Belgian Shepherd Dog (Tervuren)

History

The Tervuren is a Belgian breed used in sheep herding and was classed as a separate breed from other Belgian Sheepdogs in 1891. After the Second World War, the breed had almost died out, but a concentrated effort brought them back. It is now used more as a Sheep dog than any other of the Belgian Shepherding dogs.

Behaviour

The Tervuren is an alert, watchful and active breed with an independent streak, making it ideal at herding. They are intelligent and energetic, forming a close bond with their owners and thrive when out working in the field. As a working breed they need constant mental and physical stimulation and are often used as Search and Rescue dogs, in agility competitions, tracking and as farm dogs. They are very loyal and can be protective of their owners and home. They get on well with children and make good guardians, but are wary of strangers and new dogs. Early socialisation will help with this. Like most herding breeds, they might try and herd small children. Tervurens are perceptive of their surroundings and notice small changes around them. They will pick up on moods and anything out of the ordinary, making them good watch dogs. They forget their size and will happily climb on to you lap for a cuddle. Even though they are classed as working dogs, they do need human company and might have problems if left alone for too long. Tervurens need plenty of daily exercise in the form of running and playing. They make great running/jogging partners and also like a game of frisbee/fetch. Their brains work overtime and need to be tired out, so hide and seek/Flyball type games work well for them. Many owners take part in agility trials with them as they enjoy the physical act of running and jumping and seem to do well in these types of competition. A bored Tervuren will dig holes in your garden and eat your sofa. Not recommended for a first time dog owner, unless you have time that the breed needs.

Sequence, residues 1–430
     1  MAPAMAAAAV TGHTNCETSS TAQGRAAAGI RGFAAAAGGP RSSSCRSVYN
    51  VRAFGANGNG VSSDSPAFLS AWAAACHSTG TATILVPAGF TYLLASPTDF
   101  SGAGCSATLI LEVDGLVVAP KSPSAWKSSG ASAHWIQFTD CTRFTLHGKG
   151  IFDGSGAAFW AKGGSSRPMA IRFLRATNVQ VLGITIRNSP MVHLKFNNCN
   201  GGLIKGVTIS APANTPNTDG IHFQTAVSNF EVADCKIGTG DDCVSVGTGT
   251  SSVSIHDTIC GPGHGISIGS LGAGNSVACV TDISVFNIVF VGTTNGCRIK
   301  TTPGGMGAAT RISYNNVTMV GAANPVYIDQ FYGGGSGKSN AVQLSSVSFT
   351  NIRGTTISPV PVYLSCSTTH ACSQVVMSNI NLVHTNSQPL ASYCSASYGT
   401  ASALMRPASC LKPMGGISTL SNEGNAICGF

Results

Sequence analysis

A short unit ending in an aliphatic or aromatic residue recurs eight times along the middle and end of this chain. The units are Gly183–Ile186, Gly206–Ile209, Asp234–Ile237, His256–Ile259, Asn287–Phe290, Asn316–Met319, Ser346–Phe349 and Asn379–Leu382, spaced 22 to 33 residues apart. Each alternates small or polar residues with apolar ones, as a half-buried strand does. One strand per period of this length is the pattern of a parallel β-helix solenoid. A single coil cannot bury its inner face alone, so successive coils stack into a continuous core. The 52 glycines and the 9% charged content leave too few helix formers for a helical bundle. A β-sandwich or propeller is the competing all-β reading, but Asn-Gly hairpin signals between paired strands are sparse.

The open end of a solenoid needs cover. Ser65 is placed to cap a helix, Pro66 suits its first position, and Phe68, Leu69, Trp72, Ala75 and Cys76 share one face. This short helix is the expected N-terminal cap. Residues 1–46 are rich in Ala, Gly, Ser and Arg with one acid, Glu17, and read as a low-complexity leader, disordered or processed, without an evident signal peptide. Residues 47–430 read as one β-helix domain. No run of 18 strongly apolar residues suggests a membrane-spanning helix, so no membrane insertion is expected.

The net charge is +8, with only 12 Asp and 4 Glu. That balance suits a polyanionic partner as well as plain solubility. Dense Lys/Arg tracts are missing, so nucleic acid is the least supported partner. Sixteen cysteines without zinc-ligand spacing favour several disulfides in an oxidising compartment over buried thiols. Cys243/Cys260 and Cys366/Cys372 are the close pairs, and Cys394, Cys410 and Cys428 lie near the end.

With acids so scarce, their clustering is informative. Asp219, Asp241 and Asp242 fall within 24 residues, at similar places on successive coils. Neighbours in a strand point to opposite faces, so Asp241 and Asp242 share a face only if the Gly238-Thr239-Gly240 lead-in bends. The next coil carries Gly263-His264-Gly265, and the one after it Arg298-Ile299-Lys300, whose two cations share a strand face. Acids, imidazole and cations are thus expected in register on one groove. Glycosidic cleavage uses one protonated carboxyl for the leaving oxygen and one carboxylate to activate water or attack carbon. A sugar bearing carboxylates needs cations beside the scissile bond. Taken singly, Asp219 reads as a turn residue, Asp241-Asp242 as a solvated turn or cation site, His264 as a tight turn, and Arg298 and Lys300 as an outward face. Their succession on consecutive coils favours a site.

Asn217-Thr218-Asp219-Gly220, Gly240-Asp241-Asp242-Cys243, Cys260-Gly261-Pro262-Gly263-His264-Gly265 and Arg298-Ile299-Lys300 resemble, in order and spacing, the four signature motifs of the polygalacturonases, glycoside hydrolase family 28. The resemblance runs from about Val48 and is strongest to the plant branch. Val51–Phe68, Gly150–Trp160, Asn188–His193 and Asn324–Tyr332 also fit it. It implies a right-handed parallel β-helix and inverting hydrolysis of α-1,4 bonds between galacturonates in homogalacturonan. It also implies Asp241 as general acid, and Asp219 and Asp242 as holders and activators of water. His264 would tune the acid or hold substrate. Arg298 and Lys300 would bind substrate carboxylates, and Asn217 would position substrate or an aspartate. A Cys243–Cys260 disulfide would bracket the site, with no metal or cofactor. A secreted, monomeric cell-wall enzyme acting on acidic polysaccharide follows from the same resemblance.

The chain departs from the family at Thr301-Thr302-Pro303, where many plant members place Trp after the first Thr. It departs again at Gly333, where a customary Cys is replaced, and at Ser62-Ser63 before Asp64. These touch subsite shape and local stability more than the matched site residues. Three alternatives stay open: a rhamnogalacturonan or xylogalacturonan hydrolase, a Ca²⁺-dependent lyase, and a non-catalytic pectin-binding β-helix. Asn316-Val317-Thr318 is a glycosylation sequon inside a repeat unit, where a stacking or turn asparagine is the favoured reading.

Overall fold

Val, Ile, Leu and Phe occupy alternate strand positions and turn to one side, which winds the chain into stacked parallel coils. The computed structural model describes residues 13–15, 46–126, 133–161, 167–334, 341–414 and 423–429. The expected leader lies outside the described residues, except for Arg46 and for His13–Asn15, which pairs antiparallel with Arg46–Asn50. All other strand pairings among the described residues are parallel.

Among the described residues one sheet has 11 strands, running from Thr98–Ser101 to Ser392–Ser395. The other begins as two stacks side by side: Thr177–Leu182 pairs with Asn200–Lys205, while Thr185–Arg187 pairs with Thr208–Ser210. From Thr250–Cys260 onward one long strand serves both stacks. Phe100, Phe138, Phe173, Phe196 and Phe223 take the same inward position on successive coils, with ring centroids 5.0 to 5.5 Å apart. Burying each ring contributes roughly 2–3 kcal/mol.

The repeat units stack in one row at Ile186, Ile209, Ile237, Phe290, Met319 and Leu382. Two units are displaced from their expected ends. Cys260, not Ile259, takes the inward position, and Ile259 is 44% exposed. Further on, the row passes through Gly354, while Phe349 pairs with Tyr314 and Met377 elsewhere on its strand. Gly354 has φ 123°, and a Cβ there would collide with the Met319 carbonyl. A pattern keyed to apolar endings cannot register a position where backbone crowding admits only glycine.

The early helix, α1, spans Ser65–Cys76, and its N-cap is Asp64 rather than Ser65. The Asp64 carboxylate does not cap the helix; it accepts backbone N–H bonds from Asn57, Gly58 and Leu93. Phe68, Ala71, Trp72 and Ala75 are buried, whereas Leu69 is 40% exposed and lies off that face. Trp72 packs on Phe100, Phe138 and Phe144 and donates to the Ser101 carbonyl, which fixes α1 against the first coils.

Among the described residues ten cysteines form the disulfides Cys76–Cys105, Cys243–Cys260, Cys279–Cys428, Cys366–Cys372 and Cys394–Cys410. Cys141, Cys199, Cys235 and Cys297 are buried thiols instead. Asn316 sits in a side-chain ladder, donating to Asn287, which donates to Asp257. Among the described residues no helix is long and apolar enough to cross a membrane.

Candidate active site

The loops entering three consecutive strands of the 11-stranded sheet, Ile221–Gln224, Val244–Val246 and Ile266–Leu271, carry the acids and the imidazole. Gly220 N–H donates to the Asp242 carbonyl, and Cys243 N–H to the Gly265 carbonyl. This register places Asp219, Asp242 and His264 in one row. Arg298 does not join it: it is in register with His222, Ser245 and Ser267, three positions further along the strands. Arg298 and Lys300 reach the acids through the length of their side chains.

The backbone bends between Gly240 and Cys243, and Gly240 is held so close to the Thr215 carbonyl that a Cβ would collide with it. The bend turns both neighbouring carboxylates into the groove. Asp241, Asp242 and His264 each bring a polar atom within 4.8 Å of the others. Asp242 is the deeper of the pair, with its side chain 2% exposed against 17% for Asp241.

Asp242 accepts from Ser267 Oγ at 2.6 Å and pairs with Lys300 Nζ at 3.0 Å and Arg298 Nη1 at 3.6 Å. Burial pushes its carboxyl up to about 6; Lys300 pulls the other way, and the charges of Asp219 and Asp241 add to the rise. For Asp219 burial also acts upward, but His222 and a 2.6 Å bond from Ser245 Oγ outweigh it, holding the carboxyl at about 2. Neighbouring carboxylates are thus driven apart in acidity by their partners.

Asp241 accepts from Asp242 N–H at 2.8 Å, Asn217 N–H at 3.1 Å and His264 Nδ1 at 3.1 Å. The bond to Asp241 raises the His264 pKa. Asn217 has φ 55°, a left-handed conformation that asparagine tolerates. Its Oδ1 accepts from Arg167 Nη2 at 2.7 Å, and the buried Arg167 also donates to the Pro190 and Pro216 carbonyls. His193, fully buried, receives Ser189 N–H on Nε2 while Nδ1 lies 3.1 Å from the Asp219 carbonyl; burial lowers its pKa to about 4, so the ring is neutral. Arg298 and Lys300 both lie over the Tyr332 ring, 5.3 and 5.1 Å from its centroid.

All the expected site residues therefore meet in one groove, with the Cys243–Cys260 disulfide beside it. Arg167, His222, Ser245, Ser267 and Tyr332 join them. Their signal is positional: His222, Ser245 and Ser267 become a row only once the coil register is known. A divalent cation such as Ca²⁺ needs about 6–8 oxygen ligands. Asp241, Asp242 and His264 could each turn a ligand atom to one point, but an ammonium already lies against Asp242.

The breed has a thick double coat that requires regular brushing, but suffers little in the way of health concerns. Canine Hip Dysplasia should be watched out for as well as gastric problems such as bloat.

Temperament

Belgian Tervurens possess a playful yet protective temperament. Originally bred to herd and protect sheep they have since become more popular as household pets and police dogs. They will act protectively of family and home with an independent attitude. This makes them perfect guard dogs although they will in intolerant of strangers.

Unsuitable to be kept with cats these dogs may also show aggression to other dogs. They will need lots of mental stimulation and exercise.

Health Problems

Health problems that may affect Belgian Tervurens include: canine hip dysplasia (CHD), elbow dysplasia, progressive retinal atrophy (PRA: degeneration of retinal tissue that can lead to blindness) and in some rare cases seizures.

Breed Details

  • Status: Common
  • Life Expectancy: 12 - 14 years
  • Weight: 27 - 34 kg
  • Height: 22 - 26''
  • Rare: No
  • Coat: Long - Double
  • Grooming Requirements: Everyday
  • Town or Country: Either
  • Minimum Home Size: Large House
  • Minimum Garden Size: Large Garden
  • Breed Type: Herding
  • Size: Large
  • Energy Level: High
  • Exercise Required: Over 2 hours

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